On October 9, 2019, the Office of Inspector General (OIG) published proposed revisions to the federal Anti-Kickback Statute (AKS). If they are passed, the changes would affect regulatory safe harbors. There are several key points targeted to change, which include how payments are made, warranties, and transportation.
The AKS is a well-known, wide-ranging fraud and abuse statute, and applies to pharmaceutical, health care, and medical device industries. It prohibits these business sectors from engaging in transactions that are set up to reward or reward others for referrals that are reimbursed by federal health care programs, such as Medicare. It is a criminal statute and applies to referred services and items. The AKS was designed to combat corruption and to shield program beneficiaries from low quality, higher costs, and overutilization. One of its main goals is to prevent people from using money and favor to influence referral decisions.
What is a Safe Harbor?
The original AKS regulations make use of safe harbors, which are certain business practices and payments that are not considered offenses under this statute, even though they may implicate it. Some of these exceptions include payments made to lease equipment or space, investment interests, and certain warranties and discounts. Some of the proposed revisions to these safe harbors are described below.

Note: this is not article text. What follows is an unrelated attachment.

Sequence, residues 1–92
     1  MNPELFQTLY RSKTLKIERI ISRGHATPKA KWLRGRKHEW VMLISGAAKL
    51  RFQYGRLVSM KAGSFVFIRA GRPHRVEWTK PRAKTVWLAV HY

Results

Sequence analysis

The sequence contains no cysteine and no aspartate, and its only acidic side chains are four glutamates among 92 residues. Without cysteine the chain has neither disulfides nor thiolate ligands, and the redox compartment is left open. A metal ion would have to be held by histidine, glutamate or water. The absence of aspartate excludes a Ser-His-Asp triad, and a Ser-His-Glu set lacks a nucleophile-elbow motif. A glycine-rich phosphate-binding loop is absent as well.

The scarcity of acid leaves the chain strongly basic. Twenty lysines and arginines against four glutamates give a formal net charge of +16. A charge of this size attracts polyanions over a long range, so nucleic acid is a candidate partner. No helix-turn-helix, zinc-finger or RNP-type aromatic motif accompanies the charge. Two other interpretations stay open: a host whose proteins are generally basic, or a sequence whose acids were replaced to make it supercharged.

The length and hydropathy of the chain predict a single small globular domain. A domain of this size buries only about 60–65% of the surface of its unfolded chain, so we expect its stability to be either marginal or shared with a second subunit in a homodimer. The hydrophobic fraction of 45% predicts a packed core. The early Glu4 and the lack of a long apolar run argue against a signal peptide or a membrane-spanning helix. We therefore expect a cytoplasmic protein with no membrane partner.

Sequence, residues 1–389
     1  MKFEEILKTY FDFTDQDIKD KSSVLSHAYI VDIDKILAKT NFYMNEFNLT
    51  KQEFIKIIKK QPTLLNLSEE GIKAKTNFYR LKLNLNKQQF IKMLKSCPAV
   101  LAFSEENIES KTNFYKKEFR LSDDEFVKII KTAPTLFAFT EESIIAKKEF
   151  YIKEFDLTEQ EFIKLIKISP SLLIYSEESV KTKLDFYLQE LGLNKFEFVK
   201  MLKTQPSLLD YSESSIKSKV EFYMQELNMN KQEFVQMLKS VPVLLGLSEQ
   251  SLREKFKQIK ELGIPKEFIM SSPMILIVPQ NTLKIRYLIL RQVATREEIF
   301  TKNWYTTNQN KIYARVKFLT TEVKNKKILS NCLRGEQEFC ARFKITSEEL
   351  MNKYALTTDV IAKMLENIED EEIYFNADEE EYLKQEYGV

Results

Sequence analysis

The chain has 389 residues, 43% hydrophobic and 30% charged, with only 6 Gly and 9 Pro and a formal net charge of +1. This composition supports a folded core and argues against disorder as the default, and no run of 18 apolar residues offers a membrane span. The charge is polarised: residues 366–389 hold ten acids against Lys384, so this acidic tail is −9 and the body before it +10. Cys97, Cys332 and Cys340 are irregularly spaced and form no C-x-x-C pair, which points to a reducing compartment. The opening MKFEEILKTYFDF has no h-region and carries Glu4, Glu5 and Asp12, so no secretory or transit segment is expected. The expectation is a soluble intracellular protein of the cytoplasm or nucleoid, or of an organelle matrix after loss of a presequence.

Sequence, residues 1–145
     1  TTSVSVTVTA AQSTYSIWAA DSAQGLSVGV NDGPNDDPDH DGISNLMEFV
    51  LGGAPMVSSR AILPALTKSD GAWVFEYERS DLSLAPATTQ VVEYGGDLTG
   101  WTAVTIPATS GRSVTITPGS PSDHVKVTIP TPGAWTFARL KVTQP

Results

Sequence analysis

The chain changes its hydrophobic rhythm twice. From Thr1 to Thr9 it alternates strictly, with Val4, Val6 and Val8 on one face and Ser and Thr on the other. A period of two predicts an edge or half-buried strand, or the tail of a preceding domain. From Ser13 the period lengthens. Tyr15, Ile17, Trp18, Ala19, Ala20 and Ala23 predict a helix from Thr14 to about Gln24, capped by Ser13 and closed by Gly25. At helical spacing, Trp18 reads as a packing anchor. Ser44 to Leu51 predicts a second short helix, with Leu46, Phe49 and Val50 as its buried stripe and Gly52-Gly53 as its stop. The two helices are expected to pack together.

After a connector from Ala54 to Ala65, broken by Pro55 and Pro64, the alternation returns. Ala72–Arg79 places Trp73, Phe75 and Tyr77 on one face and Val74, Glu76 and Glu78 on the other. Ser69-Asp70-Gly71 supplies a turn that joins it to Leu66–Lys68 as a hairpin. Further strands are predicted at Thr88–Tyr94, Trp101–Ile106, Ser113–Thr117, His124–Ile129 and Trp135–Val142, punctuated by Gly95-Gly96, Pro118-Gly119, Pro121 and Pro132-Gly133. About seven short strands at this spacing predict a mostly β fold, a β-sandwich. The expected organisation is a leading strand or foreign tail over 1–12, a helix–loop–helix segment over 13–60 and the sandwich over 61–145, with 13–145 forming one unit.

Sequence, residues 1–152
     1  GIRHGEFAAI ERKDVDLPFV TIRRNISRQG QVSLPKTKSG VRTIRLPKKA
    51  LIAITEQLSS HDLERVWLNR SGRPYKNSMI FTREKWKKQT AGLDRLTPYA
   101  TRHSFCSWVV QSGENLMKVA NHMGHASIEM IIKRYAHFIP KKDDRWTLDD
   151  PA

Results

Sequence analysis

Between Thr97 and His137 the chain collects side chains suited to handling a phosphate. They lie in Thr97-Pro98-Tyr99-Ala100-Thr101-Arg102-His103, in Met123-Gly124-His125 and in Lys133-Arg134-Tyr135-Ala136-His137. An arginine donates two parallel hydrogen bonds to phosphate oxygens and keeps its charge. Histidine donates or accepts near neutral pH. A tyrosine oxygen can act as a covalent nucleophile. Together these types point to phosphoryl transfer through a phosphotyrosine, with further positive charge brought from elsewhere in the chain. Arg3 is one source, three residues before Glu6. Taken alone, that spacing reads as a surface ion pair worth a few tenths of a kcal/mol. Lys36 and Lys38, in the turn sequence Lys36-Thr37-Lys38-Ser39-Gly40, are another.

Professional Services and Management
Health care providers enter contracts with other parties, and in these situations, one party will agree to provide the other with professional or management services. If one can refer services that are reimbursable by a federal health care program, the AKS should be considered. The OIG’s plan would change the requirement that applies to compensation, require a specified schedule of services, and change how outcomes-based payments are handled. Outcomes-based payments will need to show that they improve the quality of patient care or reduce payor costs while improving or maintaining the quality of patient care.
Warranties and Local Transportation
The proposed OIG rules would also change the warranty safe harbor by expanding it to include certain bundled warranties and would disallow suppliers and manufacturers to mandate a buyer’s minimum purchase or exclusive use of their products. In addition, beneficiaries would be excluded from certain reporting requirements.
Local transportation safe harbors may also be affected by these rules, which apply to mileage limits. The limits would be eliminated for patients being discharged from inpatient facilities to their homes. Mileage limits would also be increased from 50 to 75 miles for patients traveling from a facility to a rural residence.
Philadelphia Physician Lawyers at Sidney L. Gold & Associates, P.C. Help Physicians with Anti-Kickback Statute Concerns
It can be difficult to understand AKS laws, so it is smart to have the knowledgeable Philadelphia physician lawyers at Sidney L. Gold & Associates, P.C. on your side. Call us at 215-569-1999 or complete our online form for a free case evaluation today. Located in Philadelphia, we serve clients throughout Wilkes-Barre, Scranton, northeast Philadelphia, Bucks County, Chester County, Delaware County, and Montgomery County.